Fires can occur anywhere, including the workplace. Work fires can cause severe and devastating injuries, leading to serious burns, smoke inhalation complications, and other forms of damage, such as internal organ injuries and broken bones. Employers have a responsibility to ensure that workplace environments are safe and comply with fire safety regulations, but employees also have a duty to prevent fires as well. Work fire safety standards are crucial to avoiding fires and protecting employees from severe injuries and potential fatalities.
The Federal Occupational Safety and Health Act (OSHA) governs workplace safety and health requirements in Illinois. Under this law, companies with 10 or more employees must have written fire prevention and evacuation plans for their workplace. Smaller employers must communicate these plans orally.
In addition to these prevention and evacuation plans, Illinois employers should have fire safety elements in place. Your workplace should have working smoke alarms on each floor, fire extinguishers and sprinkler systems, and accessible emergency exits. Proper training and communication of safety procedures are also necessary. If an employer fails to comply with these regulations, serious injuries can occur during a fire.
Although your employer has an obligation to comply with fire safety regulations, employees can also protect themselves and their coworkers. You can take the following actions to prevent fires and remedy potential hazards.
If you are injured in a work fire, the consequences can be dire. You may require extensive medical care, spend weeks or months recovering from this damage, or be unable to return to work at all. However, you may be eligible for a workers’ compensation claim or personal injury lawsuit.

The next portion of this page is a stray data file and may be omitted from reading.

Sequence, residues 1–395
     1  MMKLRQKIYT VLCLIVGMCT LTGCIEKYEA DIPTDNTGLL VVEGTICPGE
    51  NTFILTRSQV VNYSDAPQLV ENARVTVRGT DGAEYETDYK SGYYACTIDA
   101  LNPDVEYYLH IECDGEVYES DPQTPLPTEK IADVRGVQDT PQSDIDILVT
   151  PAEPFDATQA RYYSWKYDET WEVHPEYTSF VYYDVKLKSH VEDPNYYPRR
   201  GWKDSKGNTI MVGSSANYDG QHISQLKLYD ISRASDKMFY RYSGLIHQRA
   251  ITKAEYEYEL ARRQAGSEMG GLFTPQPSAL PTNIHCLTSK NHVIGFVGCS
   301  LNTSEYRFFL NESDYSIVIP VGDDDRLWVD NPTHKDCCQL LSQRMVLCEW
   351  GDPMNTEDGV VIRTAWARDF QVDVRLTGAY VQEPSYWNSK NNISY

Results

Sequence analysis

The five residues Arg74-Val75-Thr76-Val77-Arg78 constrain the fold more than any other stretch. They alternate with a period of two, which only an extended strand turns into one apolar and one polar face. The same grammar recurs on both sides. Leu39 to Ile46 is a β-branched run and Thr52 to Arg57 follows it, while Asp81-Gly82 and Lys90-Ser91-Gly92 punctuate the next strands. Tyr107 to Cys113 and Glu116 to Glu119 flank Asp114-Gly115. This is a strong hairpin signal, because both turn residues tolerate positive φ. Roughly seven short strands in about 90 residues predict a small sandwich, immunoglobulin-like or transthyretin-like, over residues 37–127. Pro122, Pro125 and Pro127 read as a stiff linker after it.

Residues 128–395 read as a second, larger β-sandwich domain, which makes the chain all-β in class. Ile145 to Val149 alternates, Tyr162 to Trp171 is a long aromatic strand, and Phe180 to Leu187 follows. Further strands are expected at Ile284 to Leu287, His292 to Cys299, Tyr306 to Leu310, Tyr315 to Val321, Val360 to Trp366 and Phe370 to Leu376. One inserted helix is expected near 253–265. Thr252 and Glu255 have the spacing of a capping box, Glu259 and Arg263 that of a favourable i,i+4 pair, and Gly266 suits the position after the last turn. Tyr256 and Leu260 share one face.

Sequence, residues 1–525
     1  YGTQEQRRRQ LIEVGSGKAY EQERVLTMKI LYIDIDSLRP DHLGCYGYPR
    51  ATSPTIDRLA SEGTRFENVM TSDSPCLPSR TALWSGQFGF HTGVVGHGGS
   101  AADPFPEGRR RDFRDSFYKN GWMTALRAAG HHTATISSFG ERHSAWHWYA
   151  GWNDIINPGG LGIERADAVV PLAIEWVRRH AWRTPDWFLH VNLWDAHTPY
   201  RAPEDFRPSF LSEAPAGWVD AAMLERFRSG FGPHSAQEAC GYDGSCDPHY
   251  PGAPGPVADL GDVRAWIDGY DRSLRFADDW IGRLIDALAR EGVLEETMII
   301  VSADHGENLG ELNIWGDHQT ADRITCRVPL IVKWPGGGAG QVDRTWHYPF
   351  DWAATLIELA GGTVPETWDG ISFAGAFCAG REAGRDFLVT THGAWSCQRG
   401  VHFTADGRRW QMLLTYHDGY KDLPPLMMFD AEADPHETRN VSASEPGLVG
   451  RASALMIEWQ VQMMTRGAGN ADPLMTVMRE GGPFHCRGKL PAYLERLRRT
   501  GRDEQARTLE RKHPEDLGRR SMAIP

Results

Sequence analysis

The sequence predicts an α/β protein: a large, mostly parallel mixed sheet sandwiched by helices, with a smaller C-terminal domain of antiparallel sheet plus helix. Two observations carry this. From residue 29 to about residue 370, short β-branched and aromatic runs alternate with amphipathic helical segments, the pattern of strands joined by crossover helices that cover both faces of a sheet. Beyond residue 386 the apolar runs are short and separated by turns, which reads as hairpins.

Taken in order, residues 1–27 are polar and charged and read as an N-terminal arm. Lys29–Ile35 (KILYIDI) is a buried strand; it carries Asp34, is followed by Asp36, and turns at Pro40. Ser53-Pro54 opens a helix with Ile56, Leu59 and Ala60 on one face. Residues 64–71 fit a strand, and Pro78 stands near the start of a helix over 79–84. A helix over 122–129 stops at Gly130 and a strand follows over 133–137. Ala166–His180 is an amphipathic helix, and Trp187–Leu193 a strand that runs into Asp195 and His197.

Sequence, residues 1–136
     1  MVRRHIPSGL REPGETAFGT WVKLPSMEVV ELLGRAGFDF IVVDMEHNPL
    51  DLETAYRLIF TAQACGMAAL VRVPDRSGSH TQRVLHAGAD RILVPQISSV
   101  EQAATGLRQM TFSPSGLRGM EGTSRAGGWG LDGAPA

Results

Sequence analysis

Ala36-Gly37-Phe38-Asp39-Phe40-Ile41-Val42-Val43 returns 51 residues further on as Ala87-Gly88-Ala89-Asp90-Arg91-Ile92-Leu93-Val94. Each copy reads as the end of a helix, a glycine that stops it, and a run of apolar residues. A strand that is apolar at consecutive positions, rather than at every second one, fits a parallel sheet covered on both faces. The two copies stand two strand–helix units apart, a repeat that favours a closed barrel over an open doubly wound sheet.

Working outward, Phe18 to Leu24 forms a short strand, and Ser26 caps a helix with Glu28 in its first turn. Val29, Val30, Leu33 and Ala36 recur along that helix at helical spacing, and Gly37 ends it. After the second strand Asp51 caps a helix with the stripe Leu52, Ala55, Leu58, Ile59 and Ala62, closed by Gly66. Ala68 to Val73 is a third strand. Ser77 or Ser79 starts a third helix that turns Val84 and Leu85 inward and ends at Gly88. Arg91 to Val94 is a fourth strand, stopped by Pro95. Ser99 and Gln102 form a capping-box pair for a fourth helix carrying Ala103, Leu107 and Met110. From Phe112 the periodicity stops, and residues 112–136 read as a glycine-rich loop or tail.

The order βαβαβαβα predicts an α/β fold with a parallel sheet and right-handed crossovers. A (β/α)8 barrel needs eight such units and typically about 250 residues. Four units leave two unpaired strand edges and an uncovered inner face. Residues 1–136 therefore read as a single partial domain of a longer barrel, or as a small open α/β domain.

Through these claims, you can recover compensation for medical expenses, wage replacement, and other losses related to the fire. You can file a workers’ compensation claim after any type of Illinois work injury, regardless of fault, as long as your employer provides this coverage. According to the Illinois Workers’ Compensation Commission, an estimated 91% of Illinois employees are covered by workers’ compensation insurance.
In certain circumstances, you may be eligible to file a personal injury claim if someone else’s negligence caused the work fire. For example, if a third-party contractor or a piece of defective equipment started the fire, you could file a claim against the contractor or the manufacturer of the defective product. Employers cannot be held liable in a personal injury lawsuit, except under the following circumstances.
If you are involved in a work fire, it is important to seek help as soon as possible. Seek medical attention and save all records related to your treatment and injuries. Once you receive treatment, contact a Chicago workplace injury lawyer as soon as possible. A Chicago personal injury attorney can guide you through the claims process and help you secure the compensation you need to recover.